by Jessie Faulkner
St. Joseph Hospital reacted swiftly to a state Department of Health Services report released last month critical of the Heart Institute. The hospital board of trustees "terminated without cause" the heart program's medical director, Dr. Charles A. Dietl, and continued its quest to affiliate with an established cardiac program out of the area, according to a hospital spokeswoman.
The action represents a major overhaul of the program underway before the program restarts sometime early next year.
The Heart Institute operated just three months, May through July, when the hospital voluntarily suspended operations in order to review an unusually high death rate. After a review of the program, state investigators found among other deficiencies that, "Six deaths out of 40 (procedures) represents a 15 percent morality rate. The acceptable national rate is 3-5 percent."
Dr. Dietl, who was the program's only cardiac surgeon as well as its medical director, has at least two more months until his contract expires. Interim Chief Executive Officer Willard Foote said Dietl's continued involvement in the cardiac program hasn't been ruled out.
At the invitation of the hospital as part of its own internal review, the American Society of Thoracic Surgeons toured the facility Nov. 16 and 17; its report is expected by Dec. 10.
In a letter to the community published in local newspapers, Foote announced the hospital's plan to affiliate with an "established cardiac surgery program." The role of the affiliate will be to help the institute restart its cardiac program, provide backup for the cardiac surgeons, participate in the peer review process and consult on surgical procedures.
According to sources, cardiac programs in Redding, Santa Rosa and San Francisco are being considered. The selection of an affiliate could be announced this month or by early January, Foote said.
"Affiliation with a top-notch program will give the Heart Institute added depth and experience, access to established practices and procedures and a team of experts in the field," Foote said. "It is a significant change that we feel will require the appointment of a new surgeon and medical director associated with the program we select."
In addition to the high death rate, the report listed among it findings:
In its plan of corrections included in the report, St. Joseph Hospital offered several solutions and disputed other state conclusions.
The hospital has implemented a written policy covering all surgical procedures performed by the Cardiac Surgery Program, set up extensive pre-operative evaluation on all patients and post-operative reviews as part of the peer-review process. The Cardiac Surgery Committee will meet monthly to evaluate services, and responsibility for ensuring compliance with operation staffing has been delegated to the chief of surgery and the medical director of cardiac surgery. A revised peer review structure is said to be in place to assure adequate quality assurance monitoring.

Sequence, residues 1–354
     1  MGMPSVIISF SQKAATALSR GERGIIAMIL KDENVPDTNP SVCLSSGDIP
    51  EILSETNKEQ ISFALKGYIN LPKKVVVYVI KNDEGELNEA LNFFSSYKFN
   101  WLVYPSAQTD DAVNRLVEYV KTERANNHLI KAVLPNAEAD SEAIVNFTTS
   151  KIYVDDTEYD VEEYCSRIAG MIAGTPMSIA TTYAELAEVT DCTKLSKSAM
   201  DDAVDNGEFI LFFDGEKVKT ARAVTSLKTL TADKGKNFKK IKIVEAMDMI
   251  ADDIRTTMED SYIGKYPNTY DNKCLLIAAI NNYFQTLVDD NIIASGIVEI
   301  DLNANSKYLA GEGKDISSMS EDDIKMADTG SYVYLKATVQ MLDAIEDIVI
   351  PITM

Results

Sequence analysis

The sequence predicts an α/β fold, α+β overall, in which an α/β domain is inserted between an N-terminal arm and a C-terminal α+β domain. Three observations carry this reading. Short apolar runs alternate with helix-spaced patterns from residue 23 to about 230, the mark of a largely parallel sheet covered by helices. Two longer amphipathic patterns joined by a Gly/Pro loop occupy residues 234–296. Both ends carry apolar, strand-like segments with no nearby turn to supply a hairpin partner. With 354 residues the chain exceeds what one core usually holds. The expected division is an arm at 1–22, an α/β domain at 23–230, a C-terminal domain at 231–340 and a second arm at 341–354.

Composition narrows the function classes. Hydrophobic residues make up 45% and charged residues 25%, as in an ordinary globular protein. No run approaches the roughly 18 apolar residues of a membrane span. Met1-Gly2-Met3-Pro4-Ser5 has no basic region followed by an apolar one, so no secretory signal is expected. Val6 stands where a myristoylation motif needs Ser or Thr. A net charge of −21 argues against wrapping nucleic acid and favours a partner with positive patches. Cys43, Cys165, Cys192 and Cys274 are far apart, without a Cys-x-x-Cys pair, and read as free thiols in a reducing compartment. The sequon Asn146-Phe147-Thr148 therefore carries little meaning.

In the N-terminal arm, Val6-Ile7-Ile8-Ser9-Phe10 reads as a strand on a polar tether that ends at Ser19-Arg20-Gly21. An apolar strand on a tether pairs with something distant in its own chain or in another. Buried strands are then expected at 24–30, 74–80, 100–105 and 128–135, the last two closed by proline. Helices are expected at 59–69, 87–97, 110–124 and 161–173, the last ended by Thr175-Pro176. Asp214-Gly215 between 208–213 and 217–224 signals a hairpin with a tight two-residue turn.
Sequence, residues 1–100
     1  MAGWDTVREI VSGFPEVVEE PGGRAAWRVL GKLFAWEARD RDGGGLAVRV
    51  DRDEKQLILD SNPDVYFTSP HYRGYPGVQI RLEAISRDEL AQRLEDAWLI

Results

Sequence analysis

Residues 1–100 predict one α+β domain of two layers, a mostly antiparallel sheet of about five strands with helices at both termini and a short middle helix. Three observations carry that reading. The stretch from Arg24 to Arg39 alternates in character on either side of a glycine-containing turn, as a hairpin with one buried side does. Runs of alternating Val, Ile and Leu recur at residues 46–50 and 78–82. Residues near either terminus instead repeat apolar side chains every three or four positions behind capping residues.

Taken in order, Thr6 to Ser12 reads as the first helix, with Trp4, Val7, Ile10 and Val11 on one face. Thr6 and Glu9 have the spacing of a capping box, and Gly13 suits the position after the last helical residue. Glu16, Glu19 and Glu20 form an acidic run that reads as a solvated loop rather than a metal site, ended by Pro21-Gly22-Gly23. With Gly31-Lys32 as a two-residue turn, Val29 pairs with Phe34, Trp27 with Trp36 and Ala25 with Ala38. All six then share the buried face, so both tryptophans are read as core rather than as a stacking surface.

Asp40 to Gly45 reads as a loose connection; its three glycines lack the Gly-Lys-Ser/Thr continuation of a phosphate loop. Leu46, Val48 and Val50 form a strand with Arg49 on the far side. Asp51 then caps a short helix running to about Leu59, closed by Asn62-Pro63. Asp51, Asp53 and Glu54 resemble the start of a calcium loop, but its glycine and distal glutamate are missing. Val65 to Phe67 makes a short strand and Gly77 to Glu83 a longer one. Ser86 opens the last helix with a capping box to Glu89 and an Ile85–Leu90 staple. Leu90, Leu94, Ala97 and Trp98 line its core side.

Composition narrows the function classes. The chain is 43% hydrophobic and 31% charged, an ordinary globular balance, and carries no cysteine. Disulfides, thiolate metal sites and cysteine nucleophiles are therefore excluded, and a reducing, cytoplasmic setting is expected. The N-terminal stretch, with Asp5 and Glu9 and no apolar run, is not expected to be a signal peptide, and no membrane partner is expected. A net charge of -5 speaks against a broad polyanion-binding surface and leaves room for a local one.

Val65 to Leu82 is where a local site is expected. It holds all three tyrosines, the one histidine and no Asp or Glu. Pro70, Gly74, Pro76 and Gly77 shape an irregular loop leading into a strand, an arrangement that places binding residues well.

In the case of the registered nurse working as a first surgical assistant (FSA), the hospital took exception to the state report.
"The hospital wishes to underscore that the RN mentioned in `Finding I' who functioned as a first surgical assistant during open heart surgeries had completed an FSA training program and was at the time in the preceptorship process."
Use of registered nurses as cardiac surgical assistants is common throughout the state, Foote said.
The difference with St. Joseph's program is that the institute had not completed all the necessary paperwork -- both internally and for the state -- to proceed with such an assignment. When a nurse works beyond his or her normal duties, medical approval must follow standardized procedures, the interim CEO said.
Incomplete or absent paperwork was also offered as an explanation of the program's lack of patient-selection criteria for cardiac procedures.
The institute had criteria and medical teams discuss potential patients' cases prior to accepting them -- but it was not finalized and presented in written form, Foote said.
"Clearly there was a sense about the types of cases we should take," he said.
In terms of the Cardiac Surgery Committee, mentioned more than once in the state's findings, the medical staff has more clearly laid out the committee's role in the program particularly in regard to the evaluation of patient care.
Foote declined to comment on a number of the state's findings noting that he was not acting as the health system's chief executive officer at the time. Formerly part of the health system's integrated management team, Foote began as interim CEO following the August resignation of Paul Chodkowski who had accepted a position as CEO of a hospital in his hometown of Schenectady, N.Y.
The selection of the next chief executive officer is nearly complete, Foote said, and may be announced by early December.
One of the new leader's first tasks may be to reestablish the community's trust in the Heart Institute. That process is already underway, according to Foote.
"It is never easy for any organization to go through so many changes, but we have persevered thanks to the hard work and dedication of our staff and your continued community support," he wrote.
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